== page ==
• Preparation: Develop pre-prepared responses and notifications for employees and customers to ensure timely and accurate communication during a crisis.
  • Communication channels: Establish the channels you’ll use to communicate, including within the IRT, the wider company, and with customers. This might involve multiple channels for different uses, perhaps internal and external. It’s also important to identify what backup channels to use if the main channel has been compromised as part of the security incident.
  • Stakeholder policies: Clearly outline how and when to communicate with various stakeholders, including customers, shareholders, regulatory bodies, and suppliers. This ensures that all parties are informed appropriately and in compliance with legal and compliance requirements.
  • Law enforcement: You should clearly specify the point at which it becomes necessary to involve law enforcement. Depending on your industry and organization, there will likely be specific legal obligations it’s important to be aware of and include in the incident response plan.

This list is not exhaustive, and it’s helpful to think about the specific relationship you have with customers, employees, vendors, stakeholders, and more before you define the incident response procedures.

4. Test the plan

Any incident response plan needs testing; this is the only way you can get an idea of how well it will actually work in reality. The best way to do this is using simulation or ‘tabletop’ exercises. These are structured, usually verbal discussions where the IRT talks through potential security breaches and the response.

You should aim to identify the most common or likely scenarios for security incidents and talk through the responses for each. It’s inherently hypothetical, of course, but there’s a lot of value in getting the actual people who will be responding to coordinate the plan in advance. The goal here is to identify potential issues, confusion, or instances in which the guidance doesn’t work.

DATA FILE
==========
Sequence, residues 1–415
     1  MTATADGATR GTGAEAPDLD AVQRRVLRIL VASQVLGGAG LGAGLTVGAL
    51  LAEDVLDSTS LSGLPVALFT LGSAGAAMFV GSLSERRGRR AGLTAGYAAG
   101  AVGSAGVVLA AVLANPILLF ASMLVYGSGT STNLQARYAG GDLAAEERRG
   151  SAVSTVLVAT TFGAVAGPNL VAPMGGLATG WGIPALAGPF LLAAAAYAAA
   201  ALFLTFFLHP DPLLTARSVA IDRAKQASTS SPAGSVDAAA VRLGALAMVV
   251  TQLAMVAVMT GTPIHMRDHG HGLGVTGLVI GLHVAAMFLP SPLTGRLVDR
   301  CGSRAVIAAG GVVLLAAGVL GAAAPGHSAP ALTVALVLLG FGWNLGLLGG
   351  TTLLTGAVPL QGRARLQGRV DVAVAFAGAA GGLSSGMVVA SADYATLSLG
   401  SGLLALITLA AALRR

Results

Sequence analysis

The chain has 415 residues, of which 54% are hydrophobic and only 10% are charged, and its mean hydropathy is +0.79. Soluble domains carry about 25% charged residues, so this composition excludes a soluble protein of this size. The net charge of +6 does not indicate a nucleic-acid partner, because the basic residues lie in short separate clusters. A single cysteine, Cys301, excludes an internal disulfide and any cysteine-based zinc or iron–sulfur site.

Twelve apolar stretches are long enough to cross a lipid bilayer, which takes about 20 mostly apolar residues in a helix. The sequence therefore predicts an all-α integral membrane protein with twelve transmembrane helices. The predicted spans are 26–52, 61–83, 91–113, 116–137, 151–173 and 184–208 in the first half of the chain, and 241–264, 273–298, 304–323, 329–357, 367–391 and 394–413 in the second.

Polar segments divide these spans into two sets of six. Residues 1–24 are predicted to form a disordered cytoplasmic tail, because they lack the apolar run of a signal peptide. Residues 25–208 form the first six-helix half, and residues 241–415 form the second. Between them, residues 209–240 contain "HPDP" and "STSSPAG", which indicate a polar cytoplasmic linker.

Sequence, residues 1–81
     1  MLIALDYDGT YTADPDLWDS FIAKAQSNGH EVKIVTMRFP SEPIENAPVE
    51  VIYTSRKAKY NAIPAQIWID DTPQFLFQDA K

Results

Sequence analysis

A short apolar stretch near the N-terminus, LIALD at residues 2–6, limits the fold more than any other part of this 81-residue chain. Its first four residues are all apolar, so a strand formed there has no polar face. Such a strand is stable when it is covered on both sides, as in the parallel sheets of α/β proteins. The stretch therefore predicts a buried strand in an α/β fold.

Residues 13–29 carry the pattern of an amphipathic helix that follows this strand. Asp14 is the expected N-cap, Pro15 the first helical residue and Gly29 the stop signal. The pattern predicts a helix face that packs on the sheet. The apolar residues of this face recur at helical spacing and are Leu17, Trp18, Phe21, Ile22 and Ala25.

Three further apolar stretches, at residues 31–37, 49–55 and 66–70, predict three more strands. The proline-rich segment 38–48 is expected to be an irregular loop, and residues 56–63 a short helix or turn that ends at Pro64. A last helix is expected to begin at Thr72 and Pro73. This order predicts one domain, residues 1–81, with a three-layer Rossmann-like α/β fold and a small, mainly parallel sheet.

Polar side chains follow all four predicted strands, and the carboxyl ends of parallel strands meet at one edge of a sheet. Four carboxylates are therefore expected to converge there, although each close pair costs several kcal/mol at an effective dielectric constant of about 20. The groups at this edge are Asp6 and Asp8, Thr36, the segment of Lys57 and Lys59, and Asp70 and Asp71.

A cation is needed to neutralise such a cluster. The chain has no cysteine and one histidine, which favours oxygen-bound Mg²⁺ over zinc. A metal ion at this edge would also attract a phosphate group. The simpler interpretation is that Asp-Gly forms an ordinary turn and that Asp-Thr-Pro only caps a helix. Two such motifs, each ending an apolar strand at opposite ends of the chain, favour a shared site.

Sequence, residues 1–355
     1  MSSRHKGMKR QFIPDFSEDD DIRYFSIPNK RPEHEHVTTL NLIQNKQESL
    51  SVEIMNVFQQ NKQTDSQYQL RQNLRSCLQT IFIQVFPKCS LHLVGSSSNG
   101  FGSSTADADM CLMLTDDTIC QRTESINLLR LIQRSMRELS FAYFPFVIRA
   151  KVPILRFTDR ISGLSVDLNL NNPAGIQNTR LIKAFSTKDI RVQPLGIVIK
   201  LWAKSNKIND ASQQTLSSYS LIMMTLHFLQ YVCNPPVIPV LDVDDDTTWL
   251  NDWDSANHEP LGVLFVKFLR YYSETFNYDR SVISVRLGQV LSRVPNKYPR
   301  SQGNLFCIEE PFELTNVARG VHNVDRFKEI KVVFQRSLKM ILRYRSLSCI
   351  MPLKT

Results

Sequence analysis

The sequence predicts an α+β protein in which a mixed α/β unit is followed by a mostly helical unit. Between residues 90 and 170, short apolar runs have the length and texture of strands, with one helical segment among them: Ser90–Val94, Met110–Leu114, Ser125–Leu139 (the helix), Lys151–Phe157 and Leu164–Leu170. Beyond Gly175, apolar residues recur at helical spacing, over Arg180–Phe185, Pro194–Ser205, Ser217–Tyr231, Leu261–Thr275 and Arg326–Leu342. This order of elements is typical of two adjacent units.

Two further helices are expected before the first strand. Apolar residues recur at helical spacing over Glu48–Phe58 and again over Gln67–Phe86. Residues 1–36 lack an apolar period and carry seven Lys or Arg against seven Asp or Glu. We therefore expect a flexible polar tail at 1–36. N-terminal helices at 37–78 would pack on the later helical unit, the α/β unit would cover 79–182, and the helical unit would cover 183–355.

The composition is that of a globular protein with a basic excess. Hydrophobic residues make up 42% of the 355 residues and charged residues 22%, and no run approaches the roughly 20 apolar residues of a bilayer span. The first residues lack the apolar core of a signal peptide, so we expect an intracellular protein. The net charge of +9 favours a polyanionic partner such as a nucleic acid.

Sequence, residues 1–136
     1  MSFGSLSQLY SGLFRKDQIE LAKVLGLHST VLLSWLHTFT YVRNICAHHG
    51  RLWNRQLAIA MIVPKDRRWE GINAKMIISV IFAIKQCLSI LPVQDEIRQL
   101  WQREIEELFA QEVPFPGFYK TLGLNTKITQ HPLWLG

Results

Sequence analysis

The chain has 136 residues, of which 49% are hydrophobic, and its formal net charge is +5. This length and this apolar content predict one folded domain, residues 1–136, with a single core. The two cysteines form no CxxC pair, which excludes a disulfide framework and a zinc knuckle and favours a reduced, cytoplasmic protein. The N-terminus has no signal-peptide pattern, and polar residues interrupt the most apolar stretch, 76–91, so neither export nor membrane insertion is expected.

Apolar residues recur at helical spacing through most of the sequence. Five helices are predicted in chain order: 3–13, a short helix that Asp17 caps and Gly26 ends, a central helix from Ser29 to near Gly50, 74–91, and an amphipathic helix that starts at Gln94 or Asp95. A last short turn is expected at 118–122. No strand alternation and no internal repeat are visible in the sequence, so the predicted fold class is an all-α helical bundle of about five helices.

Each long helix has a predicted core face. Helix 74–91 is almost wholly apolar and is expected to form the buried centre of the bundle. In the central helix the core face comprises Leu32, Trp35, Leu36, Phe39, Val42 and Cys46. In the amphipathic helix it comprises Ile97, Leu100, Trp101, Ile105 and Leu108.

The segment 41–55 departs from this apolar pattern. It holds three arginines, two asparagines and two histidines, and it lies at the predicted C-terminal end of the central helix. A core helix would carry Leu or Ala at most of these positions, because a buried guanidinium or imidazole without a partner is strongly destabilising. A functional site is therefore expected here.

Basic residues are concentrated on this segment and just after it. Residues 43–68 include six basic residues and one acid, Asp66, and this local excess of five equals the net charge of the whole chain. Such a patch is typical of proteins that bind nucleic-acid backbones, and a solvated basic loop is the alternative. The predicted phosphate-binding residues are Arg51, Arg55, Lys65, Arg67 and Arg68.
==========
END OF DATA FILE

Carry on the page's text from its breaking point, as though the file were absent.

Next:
Then you should proactively adjust the guidance, ensuring the overall response is slicker and more efficient when the actual incident occurs.

The Four Stages of an Effective Incident Response Process

As you’ll have inevitably discovered earlier in the article, most common frameworks follow the same basic approach – and only really differ in how many incident response phases they break the process up into.

When constructing your plan, you’ll need to start by defining roles as discussed earlier in this blog. Then, you should create a list of activities and responsibilities, roughly aligning with the 4-6 stages outlined by whichever framework you’re following.

Here is a list of incident response steps you might need to include or prepare for, using the NIST framework as a basis:

1. Preparation

Preparation is everything you do before an incident occurs. In effect, the incident response plan is itself an act of preparation. This is also true for all the proactive work you do to avoid security incidents at all, including:

  • Ongoing vulnerability monitoring and remediation
  • Staff training
  • Creating security best practices, policies, and guidelines
  • Installing anti-malware, anti-virus, and other protective software
  • Risk assessments

All this is important and helpful in avoiding security incidents. But you also need to prepare for the worst and ensure your IRT can quickly start moving when an attack does occur. There are a number of proactive measures you can take to make the IRT’s life easier when an incident is detected:

  • Communications – You should start by clearly listing the stakeholders who will be contacted in an emergency and their contact information. This could include primary and backup contact details, email addresses, public encryption keys, and instructions for verifying each others’ identities.